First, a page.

As the April filing deadline approaches, the Internal Revenue Service is warning taxpayers to be alert to tax time phone scams where aggressive criminals pose as IRS agents in hopes of stealing money or personal information.
Here are some things the scammers often do, but the IRS will not do. Taxpayers should remember that any one of these is a tell-tale sign of a scam.
The IRS will never:
- Call to demand immediate payment using a specific payment method such as a prepaid debit card, gift card or wire transfer. Generally, the IRS will first mail a bill to any taxpayer who owes taxes.
- Threaten to immediately bring in local police or other law-enforcement groups to have the taxpayer arrested for not paying.
- Demand that taxes be paid without giving taxpayers the opportunity to question or appeal the amount owed.
- Ask for credit or debit card numbers over the phone.
- Call about an unexpected refund.
For taxpayers who don’t owe taxes or don’t think they do:
- Please report IRS or Treasury-related fraudulent calls to firstname.lastname@example.org (Subject: IRS Phone Scam).
- Do not give out any information. Hang up immediately. The longer the con artist is engaged; the more opportunity he/she believes exists, potentially prompting more calls.
- Contact TIGTA to report the call. Use their IRS Impersonation Scam Reporting web page. Alternatively, call 800-366-4484.
- Report it to the Federal Trade Commission. Use the “FTC Complaint Assistant” on FTC.gov. Please add “IRS Telephone Scam” in the notes.
For those who owe taxes or think they do:
- Call the IRS at 800-829-1040. IRS workers can help.
- View tax account online. Taxpayers can see their past 24 months of payment history, payoff amount and balance of each tax year owed.
Stay alert to scams that use the IRS or other legitimate companies and agencies as a lure. Tax scams can happen any time of year, not just at tax time. For more information visit Tax Scams and Consumer Alerts on IRS.gov.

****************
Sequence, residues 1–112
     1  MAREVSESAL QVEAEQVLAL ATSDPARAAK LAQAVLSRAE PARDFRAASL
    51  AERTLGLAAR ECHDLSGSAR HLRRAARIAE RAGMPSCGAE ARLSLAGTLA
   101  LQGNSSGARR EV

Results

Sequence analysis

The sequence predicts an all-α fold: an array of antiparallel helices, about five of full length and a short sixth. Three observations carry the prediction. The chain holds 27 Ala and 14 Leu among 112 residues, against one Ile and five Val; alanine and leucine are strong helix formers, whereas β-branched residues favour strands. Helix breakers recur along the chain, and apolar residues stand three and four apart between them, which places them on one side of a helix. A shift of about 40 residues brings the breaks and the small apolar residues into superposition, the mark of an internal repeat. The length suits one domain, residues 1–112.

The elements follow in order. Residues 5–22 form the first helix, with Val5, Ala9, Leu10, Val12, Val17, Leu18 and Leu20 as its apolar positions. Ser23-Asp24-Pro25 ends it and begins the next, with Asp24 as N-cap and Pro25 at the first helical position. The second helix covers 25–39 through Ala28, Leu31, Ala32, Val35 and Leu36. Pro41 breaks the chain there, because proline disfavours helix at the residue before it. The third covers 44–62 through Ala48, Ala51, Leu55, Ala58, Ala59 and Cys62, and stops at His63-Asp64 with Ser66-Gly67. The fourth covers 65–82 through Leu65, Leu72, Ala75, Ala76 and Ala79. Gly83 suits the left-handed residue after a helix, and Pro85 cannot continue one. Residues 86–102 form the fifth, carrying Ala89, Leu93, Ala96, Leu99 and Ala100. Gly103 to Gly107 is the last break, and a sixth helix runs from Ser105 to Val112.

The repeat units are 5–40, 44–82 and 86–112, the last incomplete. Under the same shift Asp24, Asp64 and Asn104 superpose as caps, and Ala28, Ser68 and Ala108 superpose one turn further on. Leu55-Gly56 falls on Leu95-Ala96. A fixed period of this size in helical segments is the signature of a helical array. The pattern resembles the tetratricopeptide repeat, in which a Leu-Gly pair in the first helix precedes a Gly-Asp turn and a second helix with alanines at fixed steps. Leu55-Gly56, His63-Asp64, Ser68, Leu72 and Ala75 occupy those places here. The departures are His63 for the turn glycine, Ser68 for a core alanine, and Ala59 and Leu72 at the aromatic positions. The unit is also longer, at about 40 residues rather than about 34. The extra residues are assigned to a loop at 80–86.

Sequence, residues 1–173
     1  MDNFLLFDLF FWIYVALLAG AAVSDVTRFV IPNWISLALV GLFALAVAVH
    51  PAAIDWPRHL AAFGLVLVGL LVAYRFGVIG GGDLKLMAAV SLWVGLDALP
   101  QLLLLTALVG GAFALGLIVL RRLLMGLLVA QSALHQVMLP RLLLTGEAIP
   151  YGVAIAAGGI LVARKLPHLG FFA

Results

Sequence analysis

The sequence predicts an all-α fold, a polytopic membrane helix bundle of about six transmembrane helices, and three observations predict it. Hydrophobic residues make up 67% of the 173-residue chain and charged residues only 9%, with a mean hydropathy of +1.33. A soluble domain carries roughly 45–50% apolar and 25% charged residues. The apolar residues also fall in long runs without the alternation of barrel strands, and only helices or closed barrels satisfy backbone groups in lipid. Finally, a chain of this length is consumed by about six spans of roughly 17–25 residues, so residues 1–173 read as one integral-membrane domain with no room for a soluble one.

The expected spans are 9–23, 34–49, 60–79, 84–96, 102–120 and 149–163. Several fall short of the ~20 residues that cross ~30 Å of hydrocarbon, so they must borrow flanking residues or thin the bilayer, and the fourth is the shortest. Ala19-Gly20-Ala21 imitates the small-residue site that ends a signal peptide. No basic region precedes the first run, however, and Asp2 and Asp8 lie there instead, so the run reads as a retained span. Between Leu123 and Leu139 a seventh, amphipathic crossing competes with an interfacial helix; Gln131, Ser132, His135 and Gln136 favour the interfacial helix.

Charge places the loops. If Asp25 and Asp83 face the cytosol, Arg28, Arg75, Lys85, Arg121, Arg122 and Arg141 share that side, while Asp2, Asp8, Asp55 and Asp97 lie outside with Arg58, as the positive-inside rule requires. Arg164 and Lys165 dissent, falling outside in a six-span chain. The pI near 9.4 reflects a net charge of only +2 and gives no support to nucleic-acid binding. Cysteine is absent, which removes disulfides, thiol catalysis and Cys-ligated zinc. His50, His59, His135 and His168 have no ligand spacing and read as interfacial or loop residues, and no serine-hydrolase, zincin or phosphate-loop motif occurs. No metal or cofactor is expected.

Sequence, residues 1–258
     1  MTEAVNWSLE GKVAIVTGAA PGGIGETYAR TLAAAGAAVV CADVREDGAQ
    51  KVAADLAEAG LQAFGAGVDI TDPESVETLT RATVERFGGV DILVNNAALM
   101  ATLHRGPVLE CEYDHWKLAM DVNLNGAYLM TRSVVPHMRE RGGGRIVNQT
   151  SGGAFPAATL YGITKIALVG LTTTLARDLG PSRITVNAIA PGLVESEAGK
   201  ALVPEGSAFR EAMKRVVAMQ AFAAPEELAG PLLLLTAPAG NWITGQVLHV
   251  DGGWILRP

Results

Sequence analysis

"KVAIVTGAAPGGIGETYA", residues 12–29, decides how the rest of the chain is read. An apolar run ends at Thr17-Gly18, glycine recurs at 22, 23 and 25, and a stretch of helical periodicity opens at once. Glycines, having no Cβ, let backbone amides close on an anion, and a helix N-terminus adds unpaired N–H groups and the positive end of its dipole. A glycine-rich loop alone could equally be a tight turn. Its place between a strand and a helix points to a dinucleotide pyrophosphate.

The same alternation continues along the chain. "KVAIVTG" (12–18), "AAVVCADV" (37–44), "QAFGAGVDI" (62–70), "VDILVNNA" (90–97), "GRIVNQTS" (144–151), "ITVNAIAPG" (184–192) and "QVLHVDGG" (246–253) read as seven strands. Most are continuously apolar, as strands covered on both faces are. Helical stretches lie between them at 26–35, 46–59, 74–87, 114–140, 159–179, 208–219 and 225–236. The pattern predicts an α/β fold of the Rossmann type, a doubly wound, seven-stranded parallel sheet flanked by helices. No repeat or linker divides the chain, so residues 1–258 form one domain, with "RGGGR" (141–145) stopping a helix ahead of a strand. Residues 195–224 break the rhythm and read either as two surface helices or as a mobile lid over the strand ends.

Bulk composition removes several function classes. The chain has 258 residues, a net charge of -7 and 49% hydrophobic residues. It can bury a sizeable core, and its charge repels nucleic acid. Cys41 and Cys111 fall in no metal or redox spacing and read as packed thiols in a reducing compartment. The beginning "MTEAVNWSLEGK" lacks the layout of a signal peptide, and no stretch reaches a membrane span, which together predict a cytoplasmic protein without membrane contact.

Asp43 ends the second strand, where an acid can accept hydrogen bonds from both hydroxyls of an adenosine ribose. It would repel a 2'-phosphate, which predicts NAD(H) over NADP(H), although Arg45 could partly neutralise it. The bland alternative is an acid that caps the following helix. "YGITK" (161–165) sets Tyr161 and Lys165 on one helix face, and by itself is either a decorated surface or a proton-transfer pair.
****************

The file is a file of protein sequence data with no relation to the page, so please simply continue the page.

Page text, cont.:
Phone scams or “vishing” (voice phishing) continue to pose a major threat. The scam has cost thousands of people millions of dollars in recent years, and the IRS continues to see variations on these aggressive calling schemes.
Phone scams again made the IRS’ Dirty Dozen list, an annual compilation of some of the schemes that threaten taxpayers not only during filing season but throughout the year.
The IRS is highlighting each of these scams on consecutive days to help raise awareness and protect taxpayers. The IRS also urges taxpayers to help protect themselves against phone scams and identity theft by reviewing safety tips prepared by the Security Summit, a collaborative effort between the IRS, states and the private-sector tax community.
“Taxpayers should be on the lookout for unexpected and aggressive phone calls purportedly coming from the IRS,” said IRS Commissioner Chuck Rettig. “These calls can feature scam artists aggressively ordering immediate payment and making threats against a person. Don’t fall for these.”
Beginning early in the filing season, the IRS generally sees an upswing in scam phone calls threatening arrest, deportation or license revocation, if the victim doesn’t pay a bogus tax bill. These calls most often take the form of a “robo-call” (a text-to-speech recorded voicemail with instructions to call back a specific telephone number), but in some cases may be made by a real person. These con artists may have some of the taxpayer’s information, including their address, the last four digits of their Social Security number or other personal details.
The Treasury Inspector General for Tax Administration (TIGTA), the federal agency that investigates tax-related phone scams, says these types of scams have cost 14,700 victims a total of more than $72 million since October 2013
How do the scams work?
Criminals make unsolicited calls and leave voicemails with urgent callback requests claiming to be IRS officials. They demand that the victim pay a bogus tax bill by sending cash through a wire transfer, prepaid debit card or gift card.
Many phone scammers use threats to intimidate and bully a victim into paying. The phone scammers may alter or “spoof” their caller ID to make it look like the IRS or another agency is calling. The callers may use IRS employee titles and fake badge numbers to appear legitimate.
The IRS also reminds taxpayers that scammers often change tactics. Variations of the IRS impersonation scam continue year-round and tend to peak when scammers find prime opportunities to strike. Tax scams can be more believable during the tax filing season when people are thinking about their taxe